Icon of Arab feminism
Fatima Mernissi was born in 1940 in Fez, a Moroccan city steeped in tradition. She belonged to a generation that still attended a national, not a French school. She later studied sociology and political science in Paris and the US, eventually becoming a professor of sociology in Rabat.
She grew up, as she described it, in a harem, a segregated area reserved only for women. "The harem was an institution, similar to that of the family," she later explained. In this harem, Mernissi gained an insight into the lives of women in her society.
Her mother and grandmother were illiterate. But they told her about Scheherazade. This woman from the "Arabian Nights" stories left a profound impression on her. "Scheherazade was a beautiful woman. She had power and was very clever. She cured the Sultan of his illness," said Mernissi. That was a dream for her, passed on to her by the women in the harem. For her, the dream contained the promise of wanting to be a worthy person. Hence, her main priority was to ensure that Arab women were able to find their voice and raise it against social wrongs.
"Writing is the best beauty treatment"
"Women used to be wholly reliant on the oral tradition. They had no claim to education and the ability to write," was a realisation she made at an early age. And she realised that writing is an excellent way for women to free themselves from social constraints: "That you write, for that reason alone means you have a voice! Power – when we talk about writing, that is the essential idea," Mernissi said.
She wanted women to end their silence, she wanted them to speak and tell stories like Scheherazade, which is what she did, with wit and humour, when she said: "Writing is the best beauty treatment."
For Fatima Mernissi, a woman who says nothing is a veiled woman. The headscarf itself did not matter, but silence was the true veil.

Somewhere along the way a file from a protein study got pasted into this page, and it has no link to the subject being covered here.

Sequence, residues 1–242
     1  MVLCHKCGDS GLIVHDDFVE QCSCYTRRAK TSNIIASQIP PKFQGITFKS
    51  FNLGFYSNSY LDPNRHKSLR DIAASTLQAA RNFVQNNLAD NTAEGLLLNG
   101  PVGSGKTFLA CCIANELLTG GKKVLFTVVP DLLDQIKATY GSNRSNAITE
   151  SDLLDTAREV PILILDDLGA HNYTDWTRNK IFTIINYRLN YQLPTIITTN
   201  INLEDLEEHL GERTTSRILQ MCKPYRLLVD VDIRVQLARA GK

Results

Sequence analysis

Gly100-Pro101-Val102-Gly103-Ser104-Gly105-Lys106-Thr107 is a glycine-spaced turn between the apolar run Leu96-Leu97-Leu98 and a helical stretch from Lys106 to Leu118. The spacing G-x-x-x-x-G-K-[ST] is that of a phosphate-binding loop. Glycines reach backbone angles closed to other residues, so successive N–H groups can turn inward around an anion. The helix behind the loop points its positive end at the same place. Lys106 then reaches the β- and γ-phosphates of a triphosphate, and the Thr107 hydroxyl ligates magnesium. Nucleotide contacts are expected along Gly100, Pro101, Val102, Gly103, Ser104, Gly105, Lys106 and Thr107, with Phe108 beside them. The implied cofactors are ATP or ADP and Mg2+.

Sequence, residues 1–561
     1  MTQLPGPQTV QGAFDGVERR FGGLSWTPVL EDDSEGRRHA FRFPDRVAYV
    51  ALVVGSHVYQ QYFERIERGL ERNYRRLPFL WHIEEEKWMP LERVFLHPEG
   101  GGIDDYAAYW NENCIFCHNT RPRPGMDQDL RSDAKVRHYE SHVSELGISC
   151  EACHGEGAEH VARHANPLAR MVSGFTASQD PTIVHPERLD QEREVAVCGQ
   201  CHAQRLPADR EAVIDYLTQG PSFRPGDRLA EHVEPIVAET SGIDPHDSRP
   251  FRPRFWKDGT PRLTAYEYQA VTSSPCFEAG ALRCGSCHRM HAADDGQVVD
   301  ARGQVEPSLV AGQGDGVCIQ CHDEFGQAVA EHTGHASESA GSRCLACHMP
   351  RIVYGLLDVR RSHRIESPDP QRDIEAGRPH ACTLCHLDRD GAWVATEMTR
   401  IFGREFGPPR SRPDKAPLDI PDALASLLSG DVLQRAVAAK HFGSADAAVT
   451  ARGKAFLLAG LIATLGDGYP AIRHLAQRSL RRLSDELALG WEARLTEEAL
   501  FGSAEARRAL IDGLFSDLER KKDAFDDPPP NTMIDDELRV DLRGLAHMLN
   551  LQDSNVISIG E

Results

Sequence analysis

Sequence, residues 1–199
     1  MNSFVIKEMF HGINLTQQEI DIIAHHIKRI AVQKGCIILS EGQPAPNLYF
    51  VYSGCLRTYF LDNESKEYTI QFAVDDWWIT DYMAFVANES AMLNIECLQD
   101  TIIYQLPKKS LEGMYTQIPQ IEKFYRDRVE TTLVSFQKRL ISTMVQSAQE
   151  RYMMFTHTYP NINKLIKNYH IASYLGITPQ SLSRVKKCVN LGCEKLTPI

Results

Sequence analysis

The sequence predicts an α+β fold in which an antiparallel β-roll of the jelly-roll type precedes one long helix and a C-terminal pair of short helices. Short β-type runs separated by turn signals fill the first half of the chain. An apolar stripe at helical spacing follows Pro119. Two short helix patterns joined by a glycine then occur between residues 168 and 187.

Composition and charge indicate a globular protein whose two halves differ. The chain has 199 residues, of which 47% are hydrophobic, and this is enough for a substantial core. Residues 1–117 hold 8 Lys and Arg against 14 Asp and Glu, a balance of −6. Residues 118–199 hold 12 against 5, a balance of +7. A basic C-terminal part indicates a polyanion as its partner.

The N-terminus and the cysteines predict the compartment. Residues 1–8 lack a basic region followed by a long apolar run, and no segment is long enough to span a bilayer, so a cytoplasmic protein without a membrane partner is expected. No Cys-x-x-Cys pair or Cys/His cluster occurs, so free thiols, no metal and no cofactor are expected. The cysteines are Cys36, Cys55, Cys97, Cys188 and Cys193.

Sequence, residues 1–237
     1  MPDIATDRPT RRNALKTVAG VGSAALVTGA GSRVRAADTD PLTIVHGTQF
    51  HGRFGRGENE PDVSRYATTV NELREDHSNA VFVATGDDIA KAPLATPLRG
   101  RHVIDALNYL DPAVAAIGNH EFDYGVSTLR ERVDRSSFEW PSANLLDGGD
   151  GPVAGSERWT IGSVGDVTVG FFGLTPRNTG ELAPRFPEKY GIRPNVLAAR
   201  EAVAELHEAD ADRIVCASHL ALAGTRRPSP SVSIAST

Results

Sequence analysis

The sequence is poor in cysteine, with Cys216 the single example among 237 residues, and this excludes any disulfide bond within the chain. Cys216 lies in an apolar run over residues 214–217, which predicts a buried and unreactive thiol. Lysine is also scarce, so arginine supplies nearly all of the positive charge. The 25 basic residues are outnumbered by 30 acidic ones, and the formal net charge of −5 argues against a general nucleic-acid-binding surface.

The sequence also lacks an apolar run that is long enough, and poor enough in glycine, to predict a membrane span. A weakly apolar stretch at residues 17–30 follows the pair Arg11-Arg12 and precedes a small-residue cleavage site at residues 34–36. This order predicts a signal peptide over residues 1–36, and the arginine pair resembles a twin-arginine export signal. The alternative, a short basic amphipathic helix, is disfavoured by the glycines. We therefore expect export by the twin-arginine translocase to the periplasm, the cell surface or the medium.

In all of her many books, which she wrote in English and French and which have been translated into more than 30 languages, she attained a recognition far beyond the borders of Morocco.
For example in her book "Gender, Ideology, Islam" she reflects on the status of women in Islam. In it, she presents an interesting study on gender relations in pre-Islamic and Islamic societies and establishes that in Islam, unlike in Christianity, sexuality is regarded as a positive force.
In her book "The Harem is Not The World" she discusses the lives of women in Morocco. And her work "The Political Harem" breaks a social taboo by pointing out that the highly problematic position of the woman in political and social life has been in evidence since the birth of Islam.
In other books too, such as her historical study "The Forgotten Queens of Islam", she wrote about the status of women. She retold the life stories of these Sultanas of Islam in Delhi, Cairo, Sana'a and Granada, thereby lifting the lid on the hushed-up power of women in these Islamic nations.
Demarcation from Western feminism
Fatima Mernissi saw herself as a feminist, but her brand of feminism is clearly distinct from the Western version, which time and again demanded an at least temporary demarcation of women from men, in both a social and literary context. This was what she had to say about the women's movement in the Western world: